The most important to get done before the MOT in August is the speedo, shocks, clutch, brake lines and exhaust. Everything after that is a bonus really.

As you know, the exhaust has fallen off. I've bought a Klarius catalytic converter and a middle box as I might as well replace the whole system as it's been on there 19 years. However, I'm having a bit of fun and sticking a cherry bomb exhaust on the back of it. It's cheaper to do that than to buy a 3rd party back box, so why not? I may also need the front pipe changed, I'm hoping not to change this but I may have to. From my experience of trying to get an O2 sensor off my 7 year old Peugeot 107, I think it'll just be easier to replace it with a new one. Again, could be 19 years old and due a change anyway).

The brake lines are probably fine, but don't look like they've been done. I remember reading a post a year ago where another member who had the same year car (and same model Corolla) had the brake lines explode on them on the MOT. I've looked in to it, it's a long job to do but doesn't cost all that much to do it myself. I'd rather have the peace of mind knowing the brakes won't fail when darting around country roads.

The clutch, well it's been juddering alot, making a lot of squealing noises when cold. Not 100% sure it's the clutch, but there's a long term Oil leak problem around the gearbox so I might as well stick a new clutch on and fix that leak at the same time.

Speed sensor is critical though, as it won't pass without it. New speed sensor has been purchased, and I have a replacement cable and speedo clock. The speedo sensor on the car will be changed regardless, but I will try and trouble shoot it from there on as I don't want to change the cable or speedo clock unless I need to.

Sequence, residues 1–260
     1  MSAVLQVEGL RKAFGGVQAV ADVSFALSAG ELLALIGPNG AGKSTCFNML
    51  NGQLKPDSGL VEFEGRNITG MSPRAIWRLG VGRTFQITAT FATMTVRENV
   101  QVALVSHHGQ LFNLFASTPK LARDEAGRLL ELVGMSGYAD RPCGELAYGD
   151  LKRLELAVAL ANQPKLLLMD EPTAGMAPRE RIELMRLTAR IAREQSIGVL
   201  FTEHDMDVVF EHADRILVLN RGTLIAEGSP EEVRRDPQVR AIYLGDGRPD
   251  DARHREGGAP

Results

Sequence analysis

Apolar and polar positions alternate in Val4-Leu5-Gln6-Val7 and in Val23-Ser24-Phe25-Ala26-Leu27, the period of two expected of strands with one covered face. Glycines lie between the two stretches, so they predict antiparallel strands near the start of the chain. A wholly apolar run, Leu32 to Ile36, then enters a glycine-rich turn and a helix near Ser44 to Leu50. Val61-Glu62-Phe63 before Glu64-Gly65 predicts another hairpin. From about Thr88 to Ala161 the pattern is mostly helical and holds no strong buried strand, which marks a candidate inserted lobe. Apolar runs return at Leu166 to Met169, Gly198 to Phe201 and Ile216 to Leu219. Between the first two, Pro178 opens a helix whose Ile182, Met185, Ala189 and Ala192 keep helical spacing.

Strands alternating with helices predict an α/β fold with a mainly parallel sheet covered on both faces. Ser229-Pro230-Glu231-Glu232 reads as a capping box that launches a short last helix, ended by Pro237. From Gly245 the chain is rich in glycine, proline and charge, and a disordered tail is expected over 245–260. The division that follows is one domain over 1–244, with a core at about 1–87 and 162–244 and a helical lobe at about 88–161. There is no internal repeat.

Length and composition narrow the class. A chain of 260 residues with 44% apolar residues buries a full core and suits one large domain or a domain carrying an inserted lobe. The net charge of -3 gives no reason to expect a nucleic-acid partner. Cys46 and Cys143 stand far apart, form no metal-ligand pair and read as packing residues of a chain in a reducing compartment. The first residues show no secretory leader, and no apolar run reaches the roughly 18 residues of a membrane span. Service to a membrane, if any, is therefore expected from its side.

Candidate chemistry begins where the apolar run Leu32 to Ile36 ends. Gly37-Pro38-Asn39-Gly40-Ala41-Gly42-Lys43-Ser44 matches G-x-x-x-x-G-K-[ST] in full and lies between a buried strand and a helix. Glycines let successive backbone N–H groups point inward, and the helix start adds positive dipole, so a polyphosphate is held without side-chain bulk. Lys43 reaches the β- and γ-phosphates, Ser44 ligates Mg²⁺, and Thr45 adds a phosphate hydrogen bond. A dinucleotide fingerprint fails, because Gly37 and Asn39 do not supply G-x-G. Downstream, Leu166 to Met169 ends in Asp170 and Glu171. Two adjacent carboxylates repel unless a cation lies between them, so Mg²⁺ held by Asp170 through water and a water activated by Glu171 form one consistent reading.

I've purchased the bulk of these items from Onlinecarparts.co.uk, German based company who seem to be quite a bit cheaper than ECP and GSF. They do take their sweet time to get here (7 days), but I'm not in that much of a rush. So it's ideal for me. As you can see from the photo they stock quality parts too. 

So yeah, I've about 90 days to get Paddy back up and running and in a condition that will ensure it lasts for a good number of years to come. I will keep the thread updated as on the suggestion of "oldcodger", what I do might be helpful for other people. Yeah the car is approaching 20 years old but there are plenty still knocking about, and God knows many an E11 has probably ended up in the crusher because a job has been deemed too expensive to fix or too hard. I know even 5 years ago I wouldn't touch any of the above jobs, but I've stepped up to a new level of "part time amateur mechanic" after changing the timing belt on Paddy and it's been perfect in the 8,000 miles its done since.

I've got some household DIY to sort out this week, but come Saturday the car will be up on axle stands, with the alloys you've seen above having the tyres taken off ready for when I go to spray paint them white. (Got quoted £55 a wheel for that, I'm giving it a go myself first before I part with more cash on things like that).

18557060_705878792946922_8991947972498664154_n.jpg

Also, I'm contemplating fitting polyurethane "rubbers" to the suspension components, as I have the shocks off etc. Anyone got any idea on what ones I need to change? Or does anyone know of a kit?